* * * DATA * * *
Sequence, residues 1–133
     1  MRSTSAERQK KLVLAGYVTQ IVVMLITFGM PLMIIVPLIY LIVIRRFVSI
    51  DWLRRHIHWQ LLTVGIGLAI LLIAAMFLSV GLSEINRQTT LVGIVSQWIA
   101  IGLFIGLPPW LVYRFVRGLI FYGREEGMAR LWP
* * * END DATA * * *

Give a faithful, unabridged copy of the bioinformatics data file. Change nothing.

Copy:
Sequence, residues 1–133
     1  MRSTSAERQK KLVLAGYVTQ IVVMLITFGM PLMIIVPLIY LIVIRRFVSI
    51  DWLRRHIHWQ LLTVGIGLAI LLIAAMFLSV GLSEINRQTT LVGIVSQWIA
   101  IGLFIGLPPW LVYRFVRGLI FYGREEGMAR LWP